The design of a stimulation electrode typically carried at the distal tip of a body implantable lead must satisfy various requirements. An essential requirement is that a high impedance be provided at the tissue/electrode interface so as to decrease the current necessary for stimulation and consequently to increase the life span of the pulse generator battery without being electrically inefficient. A simple way to efficiently increase the interface impedance is to reduce the area of the active surface of the stimulation electrode. A relatively high impedance, for example, about 1,000 ohms, is a typical target value. (See, for example, U.S. Pat. No. 6,181,972.)
5. Left Side Stimulation and Sensing
The advantages of providing pacing therapies to both the right and left heart chambers are well established. For example, in four chamber pacing systems, four pacing leads, typically bipolar leads, are positioned for both pacing and sensing in the respective heart chambers. To provide left side stimulation and sensing, leads are transvenously implanted in the coronary sinus region, for example, in a vein such as the great vein, the left posterior ventricular (LPV) vein, or other coronary veins, proximate the left ventricle of the heart. Such placement avoids the risks associated with implanting a lead directly within the left ventricle which can increase the potential for the formation of blood clots which may become dislodged and then carried to the brain where even a small embolism could cause a stroke. As used herein, the phrase “coronary sinus region” refers to the coronary sinus, great cardiac vein, left marginal vein, left posterior ventricular vein, middle cardiac vein, and/or small cardiac vein or any other coronary vein accessible by way of the coronary sinus.
The tip electrode of a lead implanted in the coronary sinus region can pace and sense left side ventricular activity. When such a lead includes a second electrode proximal of the tip electrode and residing in the coronary sinus above the left ventricle closely adjacent to the left atrium of the heart, pacing and sensing of left atrial activity is made possible. Moreover, the lead may include one or more electrodes for the delivery of electrical shocks for terminating tachycardia and/or fibrillation. Such cardioverting/defibrillating electrodes may be used by themselves or may be combined with pacing and/or sensing electrodes.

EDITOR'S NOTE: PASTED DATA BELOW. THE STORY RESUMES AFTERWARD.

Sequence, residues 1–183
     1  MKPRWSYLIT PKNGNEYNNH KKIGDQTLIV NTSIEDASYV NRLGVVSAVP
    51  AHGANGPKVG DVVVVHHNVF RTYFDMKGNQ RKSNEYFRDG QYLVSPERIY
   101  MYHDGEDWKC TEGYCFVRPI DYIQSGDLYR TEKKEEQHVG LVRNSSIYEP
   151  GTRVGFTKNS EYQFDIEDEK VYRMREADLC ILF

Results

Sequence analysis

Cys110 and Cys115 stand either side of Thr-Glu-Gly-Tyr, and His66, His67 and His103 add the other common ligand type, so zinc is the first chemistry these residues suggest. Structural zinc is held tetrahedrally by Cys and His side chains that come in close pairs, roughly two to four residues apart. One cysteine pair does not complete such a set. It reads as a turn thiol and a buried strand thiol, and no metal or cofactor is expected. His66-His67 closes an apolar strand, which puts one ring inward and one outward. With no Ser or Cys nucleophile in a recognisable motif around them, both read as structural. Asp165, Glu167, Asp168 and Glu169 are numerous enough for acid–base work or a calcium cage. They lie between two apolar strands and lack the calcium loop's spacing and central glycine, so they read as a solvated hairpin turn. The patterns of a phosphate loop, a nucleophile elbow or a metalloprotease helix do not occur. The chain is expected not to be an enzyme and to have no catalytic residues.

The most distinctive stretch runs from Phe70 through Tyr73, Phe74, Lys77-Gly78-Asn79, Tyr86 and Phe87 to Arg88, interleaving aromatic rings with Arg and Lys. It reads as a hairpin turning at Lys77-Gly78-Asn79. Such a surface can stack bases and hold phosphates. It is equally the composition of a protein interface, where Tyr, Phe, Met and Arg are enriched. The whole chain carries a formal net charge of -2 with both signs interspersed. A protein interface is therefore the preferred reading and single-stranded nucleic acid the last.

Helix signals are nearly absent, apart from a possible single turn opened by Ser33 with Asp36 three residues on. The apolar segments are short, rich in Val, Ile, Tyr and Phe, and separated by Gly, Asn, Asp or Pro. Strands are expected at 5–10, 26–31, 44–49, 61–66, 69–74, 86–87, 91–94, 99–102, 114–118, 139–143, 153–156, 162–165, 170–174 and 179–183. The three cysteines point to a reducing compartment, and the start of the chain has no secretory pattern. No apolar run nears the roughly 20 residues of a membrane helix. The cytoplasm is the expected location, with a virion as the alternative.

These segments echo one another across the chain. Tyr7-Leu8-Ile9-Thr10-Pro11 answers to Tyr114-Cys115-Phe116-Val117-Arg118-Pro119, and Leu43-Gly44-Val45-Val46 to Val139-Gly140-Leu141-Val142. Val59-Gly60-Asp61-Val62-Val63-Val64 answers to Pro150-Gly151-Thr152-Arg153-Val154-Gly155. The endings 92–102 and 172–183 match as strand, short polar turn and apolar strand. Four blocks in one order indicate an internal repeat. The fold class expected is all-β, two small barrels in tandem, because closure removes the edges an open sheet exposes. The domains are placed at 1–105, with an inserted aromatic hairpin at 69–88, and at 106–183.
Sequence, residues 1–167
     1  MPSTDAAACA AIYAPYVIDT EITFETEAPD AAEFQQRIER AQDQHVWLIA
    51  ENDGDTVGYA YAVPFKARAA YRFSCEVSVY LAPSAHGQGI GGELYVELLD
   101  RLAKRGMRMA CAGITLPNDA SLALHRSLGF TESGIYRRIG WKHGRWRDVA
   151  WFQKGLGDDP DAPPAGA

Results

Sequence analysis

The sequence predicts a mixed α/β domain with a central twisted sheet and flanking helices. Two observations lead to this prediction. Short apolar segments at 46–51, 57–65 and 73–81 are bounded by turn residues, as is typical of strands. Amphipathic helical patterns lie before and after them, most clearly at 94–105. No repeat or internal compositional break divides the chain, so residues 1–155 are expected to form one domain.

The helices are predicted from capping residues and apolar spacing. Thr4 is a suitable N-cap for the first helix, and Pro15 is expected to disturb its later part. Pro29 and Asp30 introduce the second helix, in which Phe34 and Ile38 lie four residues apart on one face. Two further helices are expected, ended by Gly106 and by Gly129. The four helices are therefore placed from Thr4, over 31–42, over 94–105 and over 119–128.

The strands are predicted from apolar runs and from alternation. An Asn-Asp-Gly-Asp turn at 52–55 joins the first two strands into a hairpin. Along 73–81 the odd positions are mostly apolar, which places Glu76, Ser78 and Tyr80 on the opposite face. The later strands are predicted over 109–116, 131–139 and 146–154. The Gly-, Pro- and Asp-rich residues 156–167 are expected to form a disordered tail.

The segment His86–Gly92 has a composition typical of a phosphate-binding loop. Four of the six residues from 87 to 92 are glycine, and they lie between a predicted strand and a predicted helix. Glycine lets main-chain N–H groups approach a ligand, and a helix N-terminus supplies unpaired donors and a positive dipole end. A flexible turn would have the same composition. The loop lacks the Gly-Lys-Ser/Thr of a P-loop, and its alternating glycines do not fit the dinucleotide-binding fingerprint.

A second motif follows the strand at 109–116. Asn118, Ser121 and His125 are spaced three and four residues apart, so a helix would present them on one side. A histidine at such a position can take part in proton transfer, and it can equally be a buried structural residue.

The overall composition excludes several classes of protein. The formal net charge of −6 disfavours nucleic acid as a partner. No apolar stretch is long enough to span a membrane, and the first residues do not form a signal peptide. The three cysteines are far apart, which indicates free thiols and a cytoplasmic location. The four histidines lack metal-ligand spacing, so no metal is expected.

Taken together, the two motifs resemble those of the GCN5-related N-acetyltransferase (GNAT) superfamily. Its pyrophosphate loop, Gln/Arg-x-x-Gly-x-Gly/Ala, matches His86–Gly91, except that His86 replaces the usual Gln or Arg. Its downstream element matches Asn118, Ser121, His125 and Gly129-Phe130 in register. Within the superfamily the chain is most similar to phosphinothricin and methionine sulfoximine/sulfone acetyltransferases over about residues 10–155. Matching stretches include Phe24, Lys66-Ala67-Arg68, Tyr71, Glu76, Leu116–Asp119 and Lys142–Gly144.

Broadly, the present invention provides tip electrode patterns and configurations producing low noise, clean sensed signals devoid of far field components, such sensed signals being generated irrespective of the direction of the incident depolarization wavefront. The invention also provides high pacing impedances and advantageous anode-to-cathode surface area ratios. Further, implantable leads utilizing the features of the present invention are particularly suitable for left side stimulation therapies.
In accordance with one specific, exemplary embodiment of the invention, there is provided an implantable stimulation lead for transmitting electrical signals between an implantable medical device and selected body tissue, the lead comprising a proximal end carrying a connector assembly connectable to the implantable medical device; a distal end; and at least one electrode of a first polarity carried by the distal end of the lead and adapted to electrically communicate with the selected body tissue. The lead further comprises at least two electrodes of a second polarity carried by the distal end of the lead and adapted to electrically communicate with the selected body tissue. A housing of insulating material couples the proximal and distal ends of the lead and a first electrical conductor enclosed within the housing electrically couples the at least one electrode of the first polarity with a first terminal on the connector assembly. A second electrical conductor enclosed within the housing electrically couples the at least two electrodes of the second polarity with a second terminal on the connector assembly.
In accordance with another aspect of the invention, the at least one electrode of the first polarity and the at least two electrodes of the second polarity comprise electrodes for sensing local electrical activity manifested by an incident depolarization wavefront. Further, the at least one electrode of the first polarity and the at least two electrodes of the second polarity are arranged on the distal end in a non-aligned pattern whereby an output voltage signal of sufficient amplitude to be acknowledged by the implantable medical device is generated between the at least one electrode of the first polarity, on the one hand, and the at least two electrodes of the second polarity, on the other hand, irrespective of the direction of an incident depolarization wavefront. All of the electrodes are preferably arranged in a closely spaced cluster so as to sense local electrical events within the selected body tissue and not far field signals. Still further, the at least one electrode of the first polarity may comprise a cathode and the at least two electrodes of the second polarity may collectively comprise an anode. Preferably, the at least two anode electrodes have a total surface area greater than the surface area of the least one cathode electrode, and the electrodes have surface areas providing an impedance of at least about 1,500 ohms.